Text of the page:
The Star - News, views and advertising of the Grand Coulee Dam Area

Coulee Medical Center ER and Walk-In Care

Gayle Swagerty seeks seamless transition

 

Gayle Swagerty

Coulee Dam Councilmember Gayle Swagerty says Coulee Dam is making a lot of good progress and she has the most experience to carry it forward as mayor after current Mayor Greg Wilder steps down at the end of his term in January.

"I really care for this town," she said last week. "I know how to take the town forward in the future."

Swagerty, who was elected to the town council and began serving in 2014 along with Wilder, points to her increased involvement with oversight of some important projects both ongoing and coming up.

Noting that a transformer recently failed nearby, Swagerty said the town's electrical utility will need attention in the not distant future. Its trees, an asset she has spoken about frequently, need serious attention, especially along Fiddle Creek, which presented a serious fire hazard during wildfires a few years ago. The town's new wastewater treatment plant is now under construction and will need the guidance of someone familiar with the project, she says. And the town's sidewalks also need serious attention, a need for which she has been working alongside Wilder to seek grant funding.

"I feel like I'm the one who can make a seamless transition," she said.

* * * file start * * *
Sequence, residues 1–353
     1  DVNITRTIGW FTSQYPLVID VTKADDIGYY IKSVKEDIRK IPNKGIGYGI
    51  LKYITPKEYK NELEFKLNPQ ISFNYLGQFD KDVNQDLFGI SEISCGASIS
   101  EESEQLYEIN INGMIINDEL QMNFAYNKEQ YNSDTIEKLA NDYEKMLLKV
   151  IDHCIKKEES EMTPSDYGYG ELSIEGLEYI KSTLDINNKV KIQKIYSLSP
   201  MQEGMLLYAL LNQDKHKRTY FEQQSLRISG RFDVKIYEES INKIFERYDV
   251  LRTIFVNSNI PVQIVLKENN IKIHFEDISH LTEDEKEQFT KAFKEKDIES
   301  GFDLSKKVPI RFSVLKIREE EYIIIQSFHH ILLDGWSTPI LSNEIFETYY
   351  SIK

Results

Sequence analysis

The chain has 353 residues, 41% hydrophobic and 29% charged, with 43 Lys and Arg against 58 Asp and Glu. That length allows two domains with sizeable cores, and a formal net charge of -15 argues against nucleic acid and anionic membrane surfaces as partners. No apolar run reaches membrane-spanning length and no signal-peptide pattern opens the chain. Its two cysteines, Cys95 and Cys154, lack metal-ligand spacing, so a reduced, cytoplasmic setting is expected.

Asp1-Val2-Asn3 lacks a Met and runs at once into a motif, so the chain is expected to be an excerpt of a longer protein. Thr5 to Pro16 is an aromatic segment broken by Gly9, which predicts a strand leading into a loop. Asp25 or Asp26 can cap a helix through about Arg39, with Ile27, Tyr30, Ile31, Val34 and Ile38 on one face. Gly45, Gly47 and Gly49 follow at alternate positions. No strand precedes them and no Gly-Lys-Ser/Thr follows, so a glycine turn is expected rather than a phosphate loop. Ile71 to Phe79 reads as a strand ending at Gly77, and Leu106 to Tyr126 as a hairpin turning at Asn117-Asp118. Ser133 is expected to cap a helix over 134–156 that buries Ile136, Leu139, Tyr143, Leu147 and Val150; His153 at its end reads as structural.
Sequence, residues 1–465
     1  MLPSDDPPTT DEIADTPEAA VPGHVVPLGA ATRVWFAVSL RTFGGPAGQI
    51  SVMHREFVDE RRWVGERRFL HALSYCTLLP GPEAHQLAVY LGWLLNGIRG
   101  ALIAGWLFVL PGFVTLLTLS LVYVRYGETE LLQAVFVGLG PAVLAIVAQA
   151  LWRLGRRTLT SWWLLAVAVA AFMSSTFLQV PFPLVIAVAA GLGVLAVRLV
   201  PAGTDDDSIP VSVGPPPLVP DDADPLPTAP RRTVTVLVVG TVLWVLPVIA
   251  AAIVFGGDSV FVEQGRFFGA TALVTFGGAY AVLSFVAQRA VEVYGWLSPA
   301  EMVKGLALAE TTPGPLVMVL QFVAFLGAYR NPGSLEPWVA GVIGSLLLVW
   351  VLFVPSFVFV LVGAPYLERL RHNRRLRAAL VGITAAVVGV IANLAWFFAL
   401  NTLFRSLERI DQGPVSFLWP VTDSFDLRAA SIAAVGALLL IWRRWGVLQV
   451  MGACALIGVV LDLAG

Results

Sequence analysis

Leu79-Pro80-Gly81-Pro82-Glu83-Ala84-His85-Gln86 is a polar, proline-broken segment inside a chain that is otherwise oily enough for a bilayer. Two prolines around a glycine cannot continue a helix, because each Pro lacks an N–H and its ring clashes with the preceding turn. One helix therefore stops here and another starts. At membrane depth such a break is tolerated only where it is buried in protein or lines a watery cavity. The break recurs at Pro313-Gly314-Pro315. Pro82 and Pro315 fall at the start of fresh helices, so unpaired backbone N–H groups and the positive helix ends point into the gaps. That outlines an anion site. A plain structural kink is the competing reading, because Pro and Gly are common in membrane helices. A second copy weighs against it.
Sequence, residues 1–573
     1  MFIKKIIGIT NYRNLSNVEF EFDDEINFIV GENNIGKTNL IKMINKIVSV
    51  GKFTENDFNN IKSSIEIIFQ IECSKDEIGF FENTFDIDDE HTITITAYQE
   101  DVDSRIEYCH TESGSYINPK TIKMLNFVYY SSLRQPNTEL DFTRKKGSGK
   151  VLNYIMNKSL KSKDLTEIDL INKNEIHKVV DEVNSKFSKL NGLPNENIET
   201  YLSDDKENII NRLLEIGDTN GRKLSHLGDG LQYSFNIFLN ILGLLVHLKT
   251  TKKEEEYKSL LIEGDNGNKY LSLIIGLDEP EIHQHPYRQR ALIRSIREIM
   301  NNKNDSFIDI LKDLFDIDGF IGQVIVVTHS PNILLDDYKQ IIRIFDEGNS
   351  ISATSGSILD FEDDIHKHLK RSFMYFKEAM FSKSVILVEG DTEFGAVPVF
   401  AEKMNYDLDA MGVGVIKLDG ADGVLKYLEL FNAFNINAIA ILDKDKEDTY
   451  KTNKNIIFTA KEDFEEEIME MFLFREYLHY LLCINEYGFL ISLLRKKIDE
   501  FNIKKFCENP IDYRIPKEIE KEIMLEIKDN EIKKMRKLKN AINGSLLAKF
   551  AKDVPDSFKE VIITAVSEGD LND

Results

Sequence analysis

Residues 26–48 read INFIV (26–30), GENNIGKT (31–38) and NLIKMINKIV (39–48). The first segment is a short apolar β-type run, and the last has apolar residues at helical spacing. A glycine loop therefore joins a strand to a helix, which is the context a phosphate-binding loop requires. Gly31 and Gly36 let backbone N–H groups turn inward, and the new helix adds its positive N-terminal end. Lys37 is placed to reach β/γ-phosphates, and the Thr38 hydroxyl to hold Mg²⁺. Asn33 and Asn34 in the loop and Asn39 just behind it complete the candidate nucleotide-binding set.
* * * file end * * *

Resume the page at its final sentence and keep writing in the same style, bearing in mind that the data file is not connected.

She pointed out that she has brought in the Foster Creek Conservation District, which has promised to help find funding to clean up dangerous overgrowth in Fiddle Creek, on the town's west side. She said she and Fire Chief Bryan Warnecke walked the creek identifying hazards in the wild area running through the town, where a fallen tree caused a town-wide power outage last Fourth of July as she watched from her yard across the sidewalk.

Swagerty said she's worked hard to learn the issues and the nuances of running the small town.

"The moment I filed for council I started attending every council meeting," she said. "I've been intimately involved ever since then."

Swagerty said fixing the sidewalks has to be a high priority for the town in the near term, but she feels strongly the town needs to define a vision and priorities, then plan with those in mind.

"So many times we just want to spend money on an appealing project," she said, but those decisions should be asked in the context of the overall vision for where the town wants to be in the future.

She's pleased with the quality work of a planning intern recruited through Eastern Washington University to help renew the town's comprehensive plan and she's anxious to dive into that project and define a "stronger vision for our town."

You might be interested in:
 

Reader Comments
(0)